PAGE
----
Nancy your message suggests that water always stands for something else, as a symbol. Can we be sure that Eliot was consistently symbolic in the poem? Diana

Nancy wrote:I share this confusion since, as I noted before, all the other elements
also represent opposites.  That is not arbitrary; it is the way those
images have long been used.  If religious writers see lust as fire,
lovers see fire as passion and joy.  Both are common tropes.  Same for
earth as life, mother, generation and deaty, dust, decay.  Air may be a
bit less common as opposites--I'm not sure.  But in TWL it serves
opposing purposes.

I don't see what makes water at all different.  And if it is, I don't
see what makes that arbitrary as opposed to, say, ironic or complex, or
linguistically variable.

>>> Marcia Karp <[log in to unmask]> 08/05/07 9:42 AM >>>
Dear Diana,
     I have been reading your posts, but still am puzzled.

     1) What is "a sum of meaning"?  What in the poem indicates that this

is a legitimate standard/result/techinique to judge the poem by?

     2) Granting your analysis below, but still don't understand your
arithemtic or the reason for applying it.  Water does give life and take

it.  Drought, too, can kill.  How is water, then, "cancelled out"?

     Perhaps sum of meaning and elements that cancel themselves out and
Sosostis .. is stable in herself are part of a discourse I've not yet
encountered, but I wonder if your measurement is useful here.  I can't
tell, since I don't understand what you mean.
     Can't the acute representation of the ambiguity, the multi-valence
of the things of the world, stand without adding up to something outside

the poem -- a stable or a non-zero figure?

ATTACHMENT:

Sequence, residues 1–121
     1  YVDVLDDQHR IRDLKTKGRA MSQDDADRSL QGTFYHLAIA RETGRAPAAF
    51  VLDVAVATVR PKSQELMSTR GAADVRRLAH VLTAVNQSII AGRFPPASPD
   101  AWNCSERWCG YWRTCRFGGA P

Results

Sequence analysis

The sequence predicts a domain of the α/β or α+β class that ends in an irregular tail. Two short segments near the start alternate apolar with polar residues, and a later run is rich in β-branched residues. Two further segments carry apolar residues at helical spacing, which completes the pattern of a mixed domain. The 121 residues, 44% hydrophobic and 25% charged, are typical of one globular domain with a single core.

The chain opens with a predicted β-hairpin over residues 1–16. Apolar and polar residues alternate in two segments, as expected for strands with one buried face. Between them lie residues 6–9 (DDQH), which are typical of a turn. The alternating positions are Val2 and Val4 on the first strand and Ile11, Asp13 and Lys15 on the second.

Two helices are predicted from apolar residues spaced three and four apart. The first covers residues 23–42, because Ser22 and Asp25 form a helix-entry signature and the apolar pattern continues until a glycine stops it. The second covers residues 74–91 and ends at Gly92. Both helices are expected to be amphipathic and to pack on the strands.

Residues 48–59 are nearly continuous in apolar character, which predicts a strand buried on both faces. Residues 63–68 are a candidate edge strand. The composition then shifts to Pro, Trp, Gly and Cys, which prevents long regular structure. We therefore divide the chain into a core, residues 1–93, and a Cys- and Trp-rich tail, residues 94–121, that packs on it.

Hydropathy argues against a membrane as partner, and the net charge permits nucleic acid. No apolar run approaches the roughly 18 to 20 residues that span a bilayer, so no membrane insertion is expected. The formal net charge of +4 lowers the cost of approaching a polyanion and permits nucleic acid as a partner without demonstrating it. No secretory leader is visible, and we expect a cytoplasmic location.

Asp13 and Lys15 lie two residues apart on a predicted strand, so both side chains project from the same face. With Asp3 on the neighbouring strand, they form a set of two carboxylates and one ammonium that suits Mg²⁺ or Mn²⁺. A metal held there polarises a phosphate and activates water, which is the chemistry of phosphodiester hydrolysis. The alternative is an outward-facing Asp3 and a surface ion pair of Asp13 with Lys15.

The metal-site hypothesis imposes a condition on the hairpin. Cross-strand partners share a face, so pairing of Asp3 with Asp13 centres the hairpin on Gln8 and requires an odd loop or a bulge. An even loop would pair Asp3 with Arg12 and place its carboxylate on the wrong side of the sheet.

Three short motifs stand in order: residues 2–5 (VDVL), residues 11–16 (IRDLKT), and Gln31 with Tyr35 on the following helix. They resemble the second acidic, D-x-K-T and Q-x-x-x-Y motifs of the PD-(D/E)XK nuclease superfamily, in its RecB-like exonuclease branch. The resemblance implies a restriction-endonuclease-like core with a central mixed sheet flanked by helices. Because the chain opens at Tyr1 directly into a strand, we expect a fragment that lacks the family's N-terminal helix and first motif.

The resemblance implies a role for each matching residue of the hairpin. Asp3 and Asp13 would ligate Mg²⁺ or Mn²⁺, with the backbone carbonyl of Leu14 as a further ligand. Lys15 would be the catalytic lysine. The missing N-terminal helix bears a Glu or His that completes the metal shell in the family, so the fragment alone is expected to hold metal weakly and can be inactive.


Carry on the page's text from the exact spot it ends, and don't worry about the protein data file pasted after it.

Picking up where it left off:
Diana Manister wrote:

> Eliot's use of water is not ambiguous, but arbitrary. Water is first a

> death-bringer for the drowned Phoenician sailor, then its lack is
> death-bringing, dessicating the living. Both water and its absence
> accomplish the same end, so water at times is its own opposite. But
> water is presented in a duality with rock, which acts as its opposite:

> "Here is rock but no water." Then water dripping is life-bringing, and

> then thunder and the storm, which bring shantih, peace.
> Perhaps some intricate and convoluted rationale could
> attribute intratextual consistency to Eliot's use of water, but I'm
> guessing it would be a stretch. All of the other scenes and images and

> characters are consistent as to what they offer the narrator, however
> impossible it is to precisely define what that is. Even Sosostris,
> about whom I maintain the narrator has mixed feelings, is stable in
> herself; representing the commercialization and vulgarization of the
> supernatural. Both  vulgarity and the prophetic gift are present in
> her as human qualities; Sosostris does not cancel herself out as the
> use of water does.
> Dear Diana,
>     My message to you (August 1) seems to have gotten lost.
> Marcia
> Diana Manister wrote:
>         Marcia, the poem's ambiguities contribute to its appeal, but
>         even the best poems have weak spots, and Eliot's use of water
>         in TWL seems weak, being so contradictory and confused that
>         the sum of its meaning is zero. Diana
>         <>
>     What in the poem points you towards summing up water's meaning?  I
>     think rather in terms of effects and of changes in those.
>     Best,
>     Marcia
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